Wes Boshart (standing) leading Saturday’s gathering at the home of Mark O’Bryan (in red t-shirt)
August 3 and 6, 2016
Mark O’Bryan hosted two yard tour gatherings in August. Marsha Gebhardt welcomed 28 members and four guests on August 3, and Wes Boshart welcomed 10 members and four guests on Saturday, August 6.
Mark and his family moved into their home in 2000. During their first years, they built a garage with Mark’s business office above it, added an addition to the house, and installed a geothermal energy system to heat and cool the house. Though they expanded the house by 65%, the efficient energy system provides a 50% decrease in peak energy costs.
By Kathy Bildner
Member, Wild Ones – St. Louis Chapter
Immanuel Lutheran School in St. Charles
Photo by Kathy Bildner
115 S. Sixth St., St. Charles MO. In 2013 we awarded $370 for native plants in an early childhood natural playscape.
Our organization wants more native plant gardens in public spaces. We are willing to help other groups build these gardens by offering advice and a modest amount of money to get the process started. The geographic area covered is 35 to 40 miles out from St. Louis city in Missouri.
After we get a request, a crew of volunteers will meet with the applicants, observe the proposed garden site, and ask and answer questions. Wild Ones – St. Louis Chapter has been offering these grants for 10 years. We have given out 26 grants to schools, community gardens, and parks.
Not all of our grants have succeeded. In the last year, our members have gone back to look at all of our grantees. Four of these locations had no sign of a garden.
By Marsha Gebhardt
President, Wild Ones – St. Louis Chapter
Many of you may now be more acutely aware of the issue that municipal weed ordinances can present for native plant gardens in front yards, due to the recent publicity about Alice Hezel’s fight with the Maplewood city council.
The hearing about Alice’s yard was scheduled for August 18, but the attorney appealed it to the St. Louis County courts for a jury trial. The attorney is Bruce Morrison of Great Rivers Environmental Law Center. He is representing Alice pro bono.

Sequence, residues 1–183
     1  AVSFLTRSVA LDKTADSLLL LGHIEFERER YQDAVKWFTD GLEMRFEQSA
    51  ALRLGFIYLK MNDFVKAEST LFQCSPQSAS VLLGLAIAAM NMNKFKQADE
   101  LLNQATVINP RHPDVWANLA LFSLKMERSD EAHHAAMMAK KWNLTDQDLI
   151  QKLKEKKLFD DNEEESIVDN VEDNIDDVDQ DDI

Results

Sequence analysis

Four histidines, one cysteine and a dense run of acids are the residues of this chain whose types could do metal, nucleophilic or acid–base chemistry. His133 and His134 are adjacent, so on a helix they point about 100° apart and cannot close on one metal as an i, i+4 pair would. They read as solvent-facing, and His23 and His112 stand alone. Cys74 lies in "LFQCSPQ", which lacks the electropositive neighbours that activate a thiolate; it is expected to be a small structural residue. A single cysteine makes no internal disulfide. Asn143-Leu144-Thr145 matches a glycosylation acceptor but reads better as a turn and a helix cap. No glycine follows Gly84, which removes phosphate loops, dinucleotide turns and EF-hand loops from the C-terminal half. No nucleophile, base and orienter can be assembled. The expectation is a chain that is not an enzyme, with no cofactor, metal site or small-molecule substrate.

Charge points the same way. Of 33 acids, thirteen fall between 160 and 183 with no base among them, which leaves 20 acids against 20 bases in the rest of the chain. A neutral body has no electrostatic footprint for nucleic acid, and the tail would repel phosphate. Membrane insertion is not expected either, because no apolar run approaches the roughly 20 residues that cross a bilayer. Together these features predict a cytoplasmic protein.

Our next Wild Ones – St. Louis Chapter board meeting is Thursday, August 25. As we work on our three-year strategic plan, we will be discussing the Chapter’s role in relation to front-yard native plant gardens and weed ordinances.
- How do we proactively support individuals who want to create and maintain native landscapes in their front yards and, hopefully, prevent a confrontation with their neighbors and local municipality?
- Also, how do we support municipalities and help them create proactive ordinances that both acknowledge the benefits and desirability of front-yard native landscapes, and require reasonable maintenance parameters?
Wild Ones member Margy Terpstra will give her program Why Our Yards are So Important to the Full Life-cycle Conservation of Our Native Birds tonight, Tuesday August 16, at The Ethical Society, for the monthly meeting of the Missouri Nature and Environmental Photographers (MoNEP).
Our members and readers are invited to attend the free program.
When: Tuesday, August 16 from 7:00 to 9:00 p.m.
Where: The Ethical Society, 9001 Clayton Avenue, St. Louis, 63117
Parking and the evening entry to The Ethical Society are at the rear of the building. Follow the driveway down the hill, along the side of the building to the large parking lot at the back. Enter through the door on the right side of the lower level.